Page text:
A career soldier, Reginald was the only son of R.I. Woodhouse (rector of Merstham) and Mrs Woodhouse. Born in 1890, he was a career soldier and was 25 at the time of his death in action on 13-14 January, 1916.
Born at St Luke’s Vicarage, Bromley Compton in Kent in 1890, Reginald attended Eton between 1904-1909, where he achieved recognition for his academic ability. Following on from school, he was an undergraduate at University College, Oxford. Whilst at university, Reginald joined the Officer Training Corps. There, his potential was realised and he secured the highest marks in his year for entry into the army as an officer. As a result, he was allowed free choice of the unit to which he wished to be attached and straight after graduation, he obtained a commission, opting to join the Indian Army. Following the outbreak of World War I, he was transferred from the 83rd Battalion Wallja-ahbad Light Infantry to the 56th Battalion Punjabi Rifles. During 1914-16, Reginald was serving with the 1st Battalion of the 56th Punjabi Rifles. His regiment was attached to the 28th Indian Brigade. This was part of one of seven Indian expeditionary forces despatched overseas (Indian Expeditionary Force F), and had been assigned the defence of the vital imperial artery, the Suez Canal. In December 1915, Reginald’s unit was transferred to Mesopotamia and was involved in the unsuccessful attempts to relieve the British and Indian garrison at Kut, which was besieged by the Turks from 7 December 1915 through to 29 April 1916. The Indian Army, which was the largest of the British Imperial and Commonwealth forces was, throughout the conflict, made up entirely of volunteers. Of the one million Indian servicemen who served overseas during that conflict, 700 000 were sent to Mesopotamia.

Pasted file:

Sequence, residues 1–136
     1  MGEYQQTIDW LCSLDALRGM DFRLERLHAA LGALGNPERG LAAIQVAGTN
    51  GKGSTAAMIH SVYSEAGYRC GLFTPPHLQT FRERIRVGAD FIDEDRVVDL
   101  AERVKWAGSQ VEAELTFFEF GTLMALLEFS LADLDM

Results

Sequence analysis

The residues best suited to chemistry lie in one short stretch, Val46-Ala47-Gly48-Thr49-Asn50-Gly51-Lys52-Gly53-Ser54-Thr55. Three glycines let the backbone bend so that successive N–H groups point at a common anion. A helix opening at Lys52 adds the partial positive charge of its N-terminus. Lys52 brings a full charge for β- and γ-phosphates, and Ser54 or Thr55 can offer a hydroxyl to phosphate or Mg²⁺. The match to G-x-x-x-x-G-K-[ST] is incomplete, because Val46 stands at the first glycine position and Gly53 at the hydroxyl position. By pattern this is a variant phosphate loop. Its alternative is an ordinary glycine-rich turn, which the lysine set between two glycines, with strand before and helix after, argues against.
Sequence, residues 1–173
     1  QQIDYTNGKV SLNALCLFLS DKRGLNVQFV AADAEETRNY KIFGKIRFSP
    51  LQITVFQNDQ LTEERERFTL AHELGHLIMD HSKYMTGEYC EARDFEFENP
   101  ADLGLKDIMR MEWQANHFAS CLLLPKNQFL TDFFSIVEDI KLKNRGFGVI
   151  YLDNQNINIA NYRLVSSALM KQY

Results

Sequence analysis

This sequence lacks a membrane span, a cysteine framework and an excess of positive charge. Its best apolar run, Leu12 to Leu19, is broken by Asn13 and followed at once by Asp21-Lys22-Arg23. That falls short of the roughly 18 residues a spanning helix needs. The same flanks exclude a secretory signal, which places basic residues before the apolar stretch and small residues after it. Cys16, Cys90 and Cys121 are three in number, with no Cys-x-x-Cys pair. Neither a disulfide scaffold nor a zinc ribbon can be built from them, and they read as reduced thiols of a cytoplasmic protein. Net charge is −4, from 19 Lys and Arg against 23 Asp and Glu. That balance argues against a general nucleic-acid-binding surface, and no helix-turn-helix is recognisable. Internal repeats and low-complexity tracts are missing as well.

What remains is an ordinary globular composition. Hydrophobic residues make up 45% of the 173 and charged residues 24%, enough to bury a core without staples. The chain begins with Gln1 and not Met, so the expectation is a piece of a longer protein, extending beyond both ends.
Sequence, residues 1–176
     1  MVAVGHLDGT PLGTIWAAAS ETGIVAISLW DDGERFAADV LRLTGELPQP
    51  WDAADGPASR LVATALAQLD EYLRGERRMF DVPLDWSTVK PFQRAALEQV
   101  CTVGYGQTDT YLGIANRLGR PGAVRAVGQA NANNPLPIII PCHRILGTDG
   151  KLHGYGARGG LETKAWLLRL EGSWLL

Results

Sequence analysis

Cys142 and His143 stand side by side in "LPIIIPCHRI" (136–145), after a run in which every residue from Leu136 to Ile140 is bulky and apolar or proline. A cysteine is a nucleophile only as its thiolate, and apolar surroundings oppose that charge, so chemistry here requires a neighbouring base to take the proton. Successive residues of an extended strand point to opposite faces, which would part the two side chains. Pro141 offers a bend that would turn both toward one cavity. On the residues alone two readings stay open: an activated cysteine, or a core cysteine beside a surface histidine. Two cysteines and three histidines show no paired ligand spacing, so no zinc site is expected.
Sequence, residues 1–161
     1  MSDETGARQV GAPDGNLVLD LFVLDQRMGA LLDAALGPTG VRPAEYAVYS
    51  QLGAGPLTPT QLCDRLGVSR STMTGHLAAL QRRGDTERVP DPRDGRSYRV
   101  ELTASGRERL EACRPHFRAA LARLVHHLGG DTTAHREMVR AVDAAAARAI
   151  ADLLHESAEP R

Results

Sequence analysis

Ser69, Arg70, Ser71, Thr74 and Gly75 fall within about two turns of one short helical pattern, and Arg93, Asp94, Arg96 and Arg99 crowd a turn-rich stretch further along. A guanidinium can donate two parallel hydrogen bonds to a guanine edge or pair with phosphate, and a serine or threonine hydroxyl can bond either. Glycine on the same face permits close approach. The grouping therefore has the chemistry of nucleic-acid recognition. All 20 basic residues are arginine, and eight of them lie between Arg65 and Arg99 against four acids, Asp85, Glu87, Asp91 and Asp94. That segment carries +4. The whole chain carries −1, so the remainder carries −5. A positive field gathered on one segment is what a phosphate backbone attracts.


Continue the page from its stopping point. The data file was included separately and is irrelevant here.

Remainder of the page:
In what has been described as ‘the worst defeat of the allies in World War One’, among the captured at Kut were six generals. Reginald was killed in the early stages of the campaign at Kut-Al-Amara (Iraq). His body was not in a named grave; as a result he appears on the CWGC memorial at Basra (panel 56) in Iraq.
Dorking and Leatherhead Advertiser 22/01/1916, p. 5; ‘KILLED IN ACTION’.
Officer Training Corps The origins of the OTC were in the pre-war army reforms introduced by the Secretary of War, Lord Haldane in 1906. It was designed to solve a recruitment shortage of trained officers for the reserves. Courtenay served first with the Shropshire Light Infantry based at Secunderabad before taking up a commission with the 83rd Wallaj-ahbad Light Infantry.